Artist Lauren Tickle uses an unconventional material for her accessories: US currency. Titled Increasing Value, the objects are made out of bills, silver, latex, and more, formed into intricate pieces that you can actually wear. Tickle has her Master’s degree in jewelry, and the exquisite works don’t immediately strike the viewer as being composed of currency. Instead, the designs take advantage of the bold flourishes we see on money and the green lines appear as a pattern rather than a past president’s face.
Tickle writes about the conceptual meaning behind her work, which is titled based on how much currency was used in its creation.
My work is an experiment in the concepts of value and adornment. The Values Exploration process takes currency of defined value, distills it to graphic elements, then resynthesizes an object of much greater value. How and why are these notes distanced from their face value? Idea, concept, process, and labor create value. Is this new, finished form a microcosm of industrial production? or a parody?
I force wearers and observers to reflect on the concept of adornment in our society. One of the most conscious actions humans undertake is the decision of what to wear or not. My work takes underlying materialism and makes it explicit, imploring evaluation from all sides in each social context. (via Escape Kit)
Amsterdam-based artist Cedric Laquieze has recently completed an exquisite series of taxidermy Fairies. These probably aren’t the type of fairies you’re imagining – no Tinkerbell-looking creatures here. Instead, the small, delicate sculptures are constructed using a myriad of different insect species, bones, seeds, and even scorpion parts, giving them a quasi-bug look.
Laquieze uses the brilliant blues, greens, oranges, and more to form the fairies’ wings, headdresses, and bodies. The insects are meticulously crafted and seamlessly integrate all of the otherwise disparate parts into a whole. While they might not look like the typical storybook cartoons, they are definitely more detailed and visually intriguing. The artist’s interpretation lends itself to darker, less cheery tales where fairies don’t have to be good. (Via Archie McPhee)
If you find yourself at the High Line in New York City, you can view an installation titled Skittles by artist Josh Kline. It features a large, industrial-sized refrigerator that contains a cultural food trend – smoothies. But, these aren’t the kind you’d want to drink. Instead being packed with fruits and veggies, Kline has ingredients like credit cards, sneakers, phone bills, and more encased in a bottle.One concoction reads: “williamsburg, credit card, american apparel, kale chips, kombucha, microbrew, quinoa, agave,” meaning that they are just sips away.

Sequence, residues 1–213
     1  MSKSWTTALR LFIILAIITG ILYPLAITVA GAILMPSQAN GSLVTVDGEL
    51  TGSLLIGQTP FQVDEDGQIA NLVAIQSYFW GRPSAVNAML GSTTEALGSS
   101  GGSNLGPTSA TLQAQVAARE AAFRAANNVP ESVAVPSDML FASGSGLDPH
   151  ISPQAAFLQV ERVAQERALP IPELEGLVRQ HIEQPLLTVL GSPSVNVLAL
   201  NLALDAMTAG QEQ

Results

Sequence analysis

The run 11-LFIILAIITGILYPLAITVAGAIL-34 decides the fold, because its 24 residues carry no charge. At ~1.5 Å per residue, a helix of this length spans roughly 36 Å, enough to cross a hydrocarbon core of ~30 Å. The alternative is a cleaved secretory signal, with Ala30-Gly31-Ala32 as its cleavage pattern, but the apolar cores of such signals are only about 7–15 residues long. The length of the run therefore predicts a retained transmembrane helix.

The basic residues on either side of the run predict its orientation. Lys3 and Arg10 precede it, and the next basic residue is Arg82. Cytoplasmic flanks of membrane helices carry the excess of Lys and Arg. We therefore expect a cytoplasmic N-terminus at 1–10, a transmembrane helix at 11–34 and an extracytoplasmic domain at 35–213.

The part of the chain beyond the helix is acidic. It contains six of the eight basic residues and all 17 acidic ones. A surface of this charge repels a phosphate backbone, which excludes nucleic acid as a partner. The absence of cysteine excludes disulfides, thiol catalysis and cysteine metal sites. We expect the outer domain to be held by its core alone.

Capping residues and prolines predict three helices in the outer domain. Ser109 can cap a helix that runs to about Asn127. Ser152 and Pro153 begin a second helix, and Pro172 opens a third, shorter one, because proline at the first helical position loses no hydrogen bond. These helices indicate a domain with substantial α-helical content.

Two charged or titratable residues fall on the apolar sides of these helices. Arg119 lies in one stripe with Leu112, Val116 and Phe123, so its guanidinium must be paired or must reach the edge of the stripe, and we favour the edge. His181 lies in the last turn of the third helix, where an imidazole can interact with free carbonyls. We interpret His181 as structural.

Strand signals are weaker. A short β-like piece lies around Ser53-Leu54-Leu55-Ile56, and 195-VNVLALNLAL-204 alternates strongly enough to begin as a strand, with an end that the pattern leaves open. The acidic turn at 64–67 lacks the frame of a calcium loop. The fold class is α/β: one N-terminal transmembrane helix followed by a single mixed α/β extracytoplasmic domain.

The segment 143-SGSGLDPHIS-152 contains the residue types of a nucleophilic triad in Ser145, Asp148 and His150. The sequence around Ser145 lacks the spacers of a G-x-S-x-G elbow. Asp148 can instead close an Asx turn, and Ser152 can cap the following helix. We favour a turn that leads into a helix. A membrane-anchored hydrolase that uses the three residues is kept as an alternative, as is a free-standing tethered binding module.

Each of Kline’s “smoothies” represents a different type of contemporary lifestyle. Components of the drinks spell out stereotypes that we’d associate with the person that lives it. The minimally-designed bottles are clear with the ingredients labeled on the outside. While the packaging all looks the same, it’s the contents that set each apart. Some are colored red while others look like they contain trash. Grouped together, they showcase the physical aspects of a persona who is a product of our culture.
Kline’s Skittles is part of the larger group exhibition Archeo, which is on display until March 2015. (via Laughing Squid. Photos via nyctaeus)
Photographer Patrick Willocq grew up in the Democratic Republic of the Congo and its culture has shaped his work as an adult. In the series I am Walé Respect Me, Willocq provides us with a peek into tribal traditions that are still practiced in the DR Congo. These particular photographs create a narrative that portrays the stories of primiparous (first-time) nursing mothers. They are colorful scenes featuring compositions that are set like a stage, as we see objects hanging from a not-so-invisible string. Willocq speaks more about his images that blend the truth with the fantastical:
I’ve always been fascinated by native tribes because I feel they have a wealth that we have somehow lost. To document this beautiful tribute to motherhood, fertility and femininity, I proposed to some Walés to participate in staged photographs. Each set-up worked as a visual representation of one of the subjects that the Walé would sing about on the day of her release from seclusion. On that day, she sings the story of her own loneliness, and with humor praises her own behavior while discrediting her Walé rivals. (Via Juxtapoz)